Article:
Some followers of will recall that I wrote about Lord Black in a column "Rooting for Conrad Black" (No.104, posted July 22, 2010). In it I quoted from an email I had sent to him in prison prior to his obtaining leave to appeal his conviction to the U.S. Supreme Court. This was followed by his temporary release from prison. I subsequently published his response to my column: "A reply from Conrad Black" (column No. 120 posted Oct.19, 2010).

I have followed Lord Black's career and latterly his legal case with more than casual interest in part because we were contemporaries as undergraduate history majors at Carleton University in Ottawa although we were not friends or even acquaintances but knew a few of the same people.

One of the things I admire about his conduct before, during and after his Chicago trial and while serving a prison sentence beginning in March 2008 (from where he continued to write a weekly column for the National Post as well as a book about his legal challenges) was his refusal to surrender, the absence of any attempt to mitigate either his sentence or his largely negative image with the court or the media.

Indeed I think that his unbending attitude accounts in part for the snotty media coverage of Black and his legal tribulations, coverage which has often absolutely reeked of schadenfreude. An excellent recent example appeared in the Toronto Star on Sept.1, 2011 as a front page "Star Exclusive" by Jennifer Wells. The 'exclusive' billing seemed to have been based primarily on having seen at least parts of Lord Black's new book, A Matter of Principle (McLelland and Stewart, to be published ca Sept. 15).

Examples abound of accused and/or convicted CEOs suddenly discovering God, expressing heartfelt apologies, engaging in energetic bouts of public grovelling and the like. Conrad Black engaged in none of this and never ceased to maintain his innocence after he was convicted. Indeed his statement to the U.S. federal court judge at his recent re-sentencing in Chicago was both eloquent and unbending.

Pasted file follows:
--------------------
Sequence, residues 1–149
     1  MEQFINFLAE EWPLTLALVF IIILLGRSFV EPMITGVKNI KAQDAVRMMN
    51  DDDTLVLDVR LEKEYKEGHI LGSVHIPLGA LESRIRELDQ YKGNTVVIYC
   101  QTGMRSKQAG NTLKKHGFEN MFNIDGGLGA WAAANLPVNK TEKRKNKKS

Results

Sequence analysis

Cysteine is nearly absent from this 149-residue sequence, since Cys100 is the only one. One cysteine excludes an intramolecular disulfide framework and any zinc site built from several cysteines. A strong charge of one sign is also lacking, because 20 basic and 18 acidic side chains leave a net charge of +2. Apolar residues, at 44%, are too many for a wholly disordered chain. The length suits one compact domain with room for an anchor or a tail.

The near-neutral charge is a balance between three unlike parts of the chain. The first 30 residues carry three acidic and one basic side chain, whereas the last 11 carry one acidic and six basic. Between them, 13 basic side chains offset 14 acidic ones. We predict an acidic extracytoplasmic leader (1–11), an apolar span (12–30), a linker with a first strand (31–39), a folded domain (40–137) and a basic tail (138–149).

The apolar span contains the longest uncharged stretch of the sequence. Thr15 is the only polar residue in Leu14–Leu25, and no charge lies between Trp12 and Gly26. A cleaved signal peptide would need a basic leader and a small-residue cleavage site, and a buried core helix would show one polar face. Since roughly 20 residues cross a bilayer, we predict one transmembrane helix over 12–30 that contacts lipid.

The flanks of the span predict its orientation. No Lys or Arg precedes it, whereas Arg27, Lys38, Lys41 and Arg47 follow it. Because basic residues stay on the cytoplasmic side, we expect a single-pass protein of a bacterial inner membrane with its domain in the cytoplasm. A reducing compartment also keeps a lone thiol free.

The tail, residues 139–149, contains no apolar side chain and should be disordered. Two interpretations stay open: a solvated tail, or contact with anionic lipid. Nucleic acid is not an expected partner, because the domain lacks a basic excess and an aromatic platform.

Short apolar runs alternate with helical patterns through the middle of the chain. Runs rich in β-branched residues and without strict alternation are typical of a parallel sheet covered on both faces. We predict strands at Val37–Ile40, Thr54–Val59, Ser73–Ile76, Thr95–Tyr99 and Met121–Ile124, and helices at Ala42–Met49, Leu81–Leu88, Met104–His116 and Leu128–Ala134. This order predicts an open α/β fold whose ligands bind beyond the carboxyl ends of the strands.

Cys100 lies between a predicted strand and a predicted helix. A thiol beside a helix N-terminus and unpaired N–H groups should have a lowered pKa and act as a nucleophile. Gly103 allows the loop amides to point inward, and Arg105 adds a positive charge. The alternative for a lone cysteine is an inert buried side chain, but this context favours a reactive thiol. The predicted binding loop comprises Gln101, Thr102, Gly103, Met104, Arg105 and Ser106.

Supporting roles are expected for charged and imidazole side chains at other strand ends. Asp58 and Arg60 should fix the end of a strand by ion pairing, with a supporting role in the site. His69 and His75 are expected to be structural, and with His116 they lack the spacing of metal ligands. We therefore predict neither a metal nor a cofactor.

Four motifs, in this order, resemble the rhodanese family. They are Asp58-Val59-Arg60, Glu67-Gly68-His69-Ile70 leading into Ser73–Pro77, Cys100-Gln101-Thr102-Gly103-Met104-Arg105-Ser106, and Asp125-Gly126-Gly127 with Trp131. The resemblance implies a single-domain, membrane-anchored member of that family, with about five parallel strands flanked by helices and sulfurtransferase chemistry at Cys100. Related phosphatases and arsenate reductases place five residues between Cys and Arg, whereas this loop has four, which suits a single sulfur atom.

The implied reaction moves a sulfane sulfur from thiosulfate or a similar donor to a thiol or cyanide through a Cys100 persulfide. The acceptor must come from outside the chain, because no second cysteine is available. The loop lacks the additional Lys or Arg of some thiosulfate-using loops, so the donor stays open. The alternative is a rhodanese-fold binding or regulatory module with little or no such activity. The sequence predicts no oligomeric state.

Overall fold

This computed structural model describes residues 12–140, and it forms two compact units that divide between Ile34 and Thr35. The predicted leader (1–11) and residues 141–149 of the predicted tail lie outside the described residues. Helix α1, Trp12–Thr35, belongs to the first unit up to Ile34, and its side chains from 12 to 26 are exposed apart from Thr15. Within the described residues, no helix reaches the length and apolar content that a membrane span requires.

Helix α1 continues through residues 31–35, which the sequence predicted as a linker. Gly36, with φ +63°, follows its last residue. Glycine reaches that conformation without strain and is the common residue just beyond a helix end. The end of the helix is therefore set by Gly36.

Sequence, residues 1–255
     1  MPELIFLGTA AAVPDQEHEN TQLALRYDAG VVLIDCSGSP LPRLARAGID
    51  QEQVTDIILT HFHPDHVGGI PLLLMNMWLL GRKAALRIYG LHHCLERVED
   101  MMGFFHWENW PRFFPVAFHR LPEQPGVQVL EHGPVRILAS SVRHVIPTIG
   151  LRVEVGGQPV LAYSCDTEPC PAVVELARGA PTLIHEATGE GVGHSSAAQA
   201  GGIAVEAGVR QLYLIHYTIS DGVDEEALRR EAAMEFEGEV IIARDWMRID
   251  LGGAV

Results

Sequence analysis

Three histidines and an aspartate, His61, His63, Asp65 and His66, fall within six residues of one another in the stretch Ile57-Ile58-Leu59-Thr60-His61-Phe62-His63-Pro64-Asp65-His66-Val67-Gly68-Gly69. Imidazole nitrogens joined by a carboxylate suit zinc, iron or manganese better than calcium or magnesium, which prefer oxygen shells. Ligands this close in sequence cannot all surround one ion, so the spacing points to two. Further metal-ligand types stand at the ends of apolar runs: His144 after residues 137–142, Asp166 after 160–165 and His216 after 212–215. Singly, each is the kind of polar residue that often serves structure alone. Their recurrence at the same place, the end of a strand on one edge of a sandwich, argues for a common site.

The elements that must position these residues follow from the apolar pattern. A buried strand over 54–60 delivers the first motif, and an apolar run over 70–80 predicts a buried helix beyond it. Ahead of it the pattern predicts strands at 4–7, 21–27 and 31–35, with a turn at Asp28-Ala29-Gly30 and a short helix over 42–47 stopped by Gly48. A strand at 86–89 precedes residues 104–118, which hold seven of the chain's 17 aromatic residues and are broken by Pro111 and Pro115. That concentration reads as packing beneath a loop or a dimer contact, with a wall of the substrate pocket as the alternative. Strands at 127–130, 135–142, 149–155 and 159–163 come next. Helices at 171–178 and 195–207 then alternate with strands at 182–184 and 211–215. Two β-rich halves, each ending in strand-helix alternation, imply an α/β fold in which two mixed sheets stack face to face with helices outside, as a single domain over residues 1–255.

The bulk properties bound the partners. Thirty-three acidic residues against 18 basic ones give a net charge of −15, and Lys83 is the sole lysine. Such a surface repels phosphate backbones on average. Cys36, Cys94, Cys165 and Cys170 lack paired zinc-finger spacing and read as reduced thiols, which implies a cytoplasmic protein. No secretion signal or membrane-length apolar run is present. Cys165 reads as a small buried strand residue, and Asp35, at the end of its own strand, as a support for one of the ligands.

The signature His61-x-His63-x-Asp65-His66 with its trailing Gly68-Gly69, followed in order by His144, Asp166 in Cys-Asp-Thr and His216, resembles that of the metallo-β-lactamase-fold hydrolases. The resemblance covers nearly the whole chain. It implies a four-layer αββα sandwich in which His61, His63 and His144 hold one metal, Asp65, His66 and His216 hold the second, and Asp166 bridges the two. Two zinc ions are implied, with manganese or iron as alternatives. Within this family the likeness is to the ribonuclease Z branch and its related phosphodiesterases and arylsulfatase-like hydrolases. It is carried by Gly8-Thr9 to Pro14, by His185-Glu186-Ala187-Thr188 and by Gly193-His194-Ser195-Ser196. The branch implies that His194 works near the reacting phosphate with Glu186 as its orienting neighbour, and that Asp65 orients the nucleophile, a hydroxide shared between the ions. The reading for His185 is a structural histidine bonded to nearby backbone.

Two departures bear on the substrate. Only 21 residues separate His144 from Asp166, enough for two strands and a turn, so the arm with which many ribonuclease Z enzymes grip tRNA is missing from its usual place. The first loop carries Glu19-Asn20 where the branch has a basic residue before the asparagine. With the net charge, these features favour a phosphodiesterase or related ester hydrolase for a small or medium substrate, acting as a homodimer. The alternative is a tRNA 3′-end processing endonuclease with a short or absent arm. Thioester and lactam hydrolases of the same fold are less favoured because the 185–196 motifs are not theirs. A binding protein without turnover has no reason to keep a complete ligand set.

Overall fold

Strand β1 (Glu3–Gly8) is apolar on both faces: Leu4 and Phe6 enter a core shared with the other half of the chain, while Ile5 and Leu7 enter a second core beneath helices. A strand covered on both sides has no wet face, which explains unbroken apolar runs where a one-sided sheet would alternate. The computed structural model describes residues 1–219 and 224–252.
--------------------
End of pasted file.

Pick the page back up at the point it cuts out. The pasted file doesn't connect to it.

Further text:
He has refused to seek leniency of sentence through the use of insincere expressions of contrition. In his Sept. 3 column for the National Post prior to returning to a Florida prison on Sept. 6 (a column which might even turn out to be his final one until his sentence has been served) Black refers to the "shirty" attitude of U.S. "officialdom" at "my failure to be adequately chastened by being sent, and sent back, to prison." Just so.

Lord Black is an accomplished historian with several excellent biographies published. A Matter of Principle covers the eight years of his struggle with the U.S. legal system. Its publication coincides with his return to federal prison from which he expects to emerge next spring although I wonder about the advisability of some of the comments he has made in recent interviews given to publicize the publication of his book. Indeed I wonder whether it would not have been wiser to postpone its publication until after he had completed his prison sentence.

In any case I look forward to reading A Matter of Principle from cover to cover. I will write about it in a future column. In the meanwhile I wish both Conrad Black and his wife Barbara Amiel continued courage and resolve as he serves what is expected to be a further 7 1/2 months of imprisonment rather than 18 months.

His words closing his new book are worth quoting now:

"By surviving it all, physically, morally and financially, despite everything and against all odds and disappointments, I win."

by Alastair Rickard